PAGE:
Michigan Rep. Elissa Slotkin Introduces Bill to Fight Big Pharma’s Price Gouging

FILE - House Homeland Security Committee member Rep. Elissa Slotkin, D-Mich., asks a question during a House Homeland Security Committee hearing on "Worldwide Threats to the Homeland" at the Capitol in Washington, Nov. 15, 2022. House Democrats will be forced to replace one of their top House candidates next year in Slotkin, who will run for an open Senate seat in the state. Her exit opens one of the country’s most competitive districts in a year where every seat matters for Democrats, who look to overcome the Republicans’ five seat majority in the U.S. House. (AP Photo/Mariam Zuhaib, File)

By Isabel Soisson

June 15, 2023

Representatives Elissa Slotkin (D-Michigan) and Ruben Gallego (D-Arizona) teamed up this week to introduce the Lower Drug Costs for Families Act, a bill which would hold Big Pharma accountable for price gouging.

The bill would require drug companies to pay a penalty if they raise prices faster than inflation. Thanks to last year’s Inflation Reduction Act, the federal government can limit drug price increases faster than the rate of inflation for drugs purchased and used by people on Medicare.

But Slotkin and Gallego’s bill would expand this to include drugs purchased and used by people with private health insurance. Under the proposal, all penalties paid by companies would go towards preserving the Medicare Trust fund. One estimate suggests it could save the federal government $34 billion over the next 10 years.

“Last summer, we finally passed historic legislation to lower the cost of prescription drugs, but the job isn’t finished and this bill builds on that foundation,” Slotkin, who is running for Senate in 2024, said in a statement. “The Lower Drug Costs for Families Act will expand prescription drug provisions beyond just Medicare enrollees, so working families can benefit from lower costs too. It will keep big pharma in check by penalizing them when they needlessly jack up their prices, so they can no longer gouge Americans who rely on their medications to live.”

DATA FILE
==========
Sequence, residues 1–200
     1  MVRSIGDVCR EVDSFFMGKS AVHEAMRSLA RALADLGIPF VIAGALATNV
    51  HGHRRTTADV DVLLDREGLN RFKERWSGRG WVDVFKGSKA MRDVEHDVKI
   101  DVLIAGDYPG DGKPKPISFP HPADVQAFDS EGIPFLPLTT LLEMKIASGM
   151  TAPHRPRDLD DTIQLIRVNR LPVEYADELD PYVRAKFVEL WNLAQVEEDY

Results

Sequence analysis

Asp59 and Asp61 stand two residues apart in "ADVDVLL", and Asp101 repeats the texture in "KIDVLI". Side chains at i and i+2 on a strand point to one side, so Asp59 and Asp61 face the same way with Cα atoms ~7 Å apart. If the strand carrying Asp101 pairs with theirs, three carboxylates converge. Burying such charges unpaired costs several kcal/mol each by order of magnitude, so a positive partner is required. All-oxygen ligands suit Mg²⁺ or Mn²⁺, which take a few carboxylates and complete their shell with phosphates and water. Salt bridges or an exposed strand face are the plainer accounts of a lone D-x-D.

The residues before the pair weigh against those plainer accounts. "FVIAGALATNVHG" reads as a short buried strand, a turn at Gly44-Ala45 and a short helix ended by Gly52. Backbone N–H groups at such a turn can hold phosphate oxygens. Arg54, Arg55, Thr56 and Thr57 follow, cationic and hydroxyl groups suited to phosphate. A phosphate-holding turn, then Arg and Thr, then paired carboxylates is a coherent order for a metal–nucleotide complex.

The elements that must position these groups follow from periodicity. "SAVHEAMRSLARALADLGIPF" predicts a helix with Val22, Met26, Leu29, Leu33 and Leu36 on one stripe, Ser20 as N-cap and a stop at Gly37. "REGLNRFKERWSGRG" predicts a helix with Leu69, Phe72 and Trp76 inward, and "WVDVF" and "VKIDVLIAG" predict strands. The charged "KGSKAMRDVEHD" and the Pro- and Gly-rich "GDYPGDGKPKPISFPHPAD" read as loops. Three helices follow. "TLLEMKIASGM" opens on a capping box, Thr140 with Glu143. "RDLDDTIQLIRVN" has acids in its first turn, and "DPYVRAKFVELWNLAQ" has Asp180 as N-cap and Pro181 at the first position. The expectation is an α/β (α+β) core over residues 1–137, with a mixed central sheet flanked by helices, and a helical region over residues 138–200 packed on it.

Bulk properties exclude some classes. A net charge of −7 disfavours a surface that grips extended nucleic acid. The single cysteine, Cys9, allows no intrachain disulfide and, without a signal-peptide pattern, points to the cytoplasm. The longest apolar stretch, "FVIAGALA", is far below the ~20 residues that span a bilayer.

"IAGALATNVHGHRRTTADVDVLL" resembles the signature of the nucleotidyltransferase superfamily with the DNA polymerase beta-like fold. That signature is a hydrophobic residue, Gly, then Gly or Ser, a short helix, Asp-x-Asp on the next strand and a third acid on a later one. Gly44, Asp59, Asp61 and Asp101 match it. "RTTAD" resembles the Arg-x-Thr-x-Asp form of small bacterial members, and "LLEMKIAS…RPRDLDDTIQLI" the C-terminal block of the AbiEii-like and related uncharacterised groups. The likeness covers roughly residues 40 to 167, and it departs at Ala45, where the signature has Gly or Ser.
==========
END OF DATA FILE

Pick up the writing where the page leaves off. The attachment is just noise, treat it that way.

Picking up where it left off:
Outrage over prescription drug price-gouging is nothing new.

As philanthropic organization Arnold Ventures notes, pharmaceutical companies have “gamed the U.S. patent system and engaged in anti-competitive behaviors to drive up prices” for decades.

A recent report from the Senate Health, Education, Labor, and Pensions Committee also outlined how “pharmaceutical corporations use taxpayer-funded research to develop products to sell back to those same taxpayers for exorbitant profits,” and how “U.S. taxpayers virtually always pay more than people in other countries for treatments that [government] scientists helped invent.”

For example, Prezista, an HIV medication manufactured by Johnson & Johnson, has a list price of $25,000 in the United States. In Germany, the list price for that same medication is $4,000. Prezcobix, another HIV medication manufactured by Johnson & Johnson, has a list price of $29,000 in the U.S. In Japan, the list price is $5,000.

This type of price gouging isn’t exclusive to HIV medication either. For years, the three major insulin makers steadily raised the prices of the life-saving medication—so much so that over a 20-year period, the cost of insulin increased by an astonishing 600%. These price hikes came as the cost of producing insulin remained stable, between $3.69 and $6.16 a vial, according to one 2018 study.

The high costs of drugs have made it difficult for many Americans to afford the medication they need to live—so difficult in fact that 17% of insulin users reported either delaying buying insulin, taking less than needed, or skipping a dose due to cost reasons. This can lead to diabetic ketoacidosis, a life-threatening complication that occurs when the body doesn’t have enough insulin.

While Americans are struggling to afford the medication they need to live, these pharmaceutical companies are raking in money. Pfizer reported revenues of over $100 billion in 2022 alone and Merck’s annual revenue last year was nearly $60 billion.

The Lower Drug Costs for Families Act has been endorsed by Patients for Affordable Drugs Now, the American Federation of State, Communications Workers of America (CWA), the American Federation of Teachers, and more.

Sen. Catherine Cortez Masto (D-Nevada) introduced the Senate version of Slotkin and Gallego’s bill earlier this year.

Author

  • Isabel Soisson

    Isabel Soisson is a multimedia journalist who has worked at WPMT FOX43 TV in Harrisburg, along with serving various roles at CNBC, NBC News, Philadelphia Magazine, and Philadelphia Style Magazine.

CATEGORIES: HEALTHCARE | POLITICS

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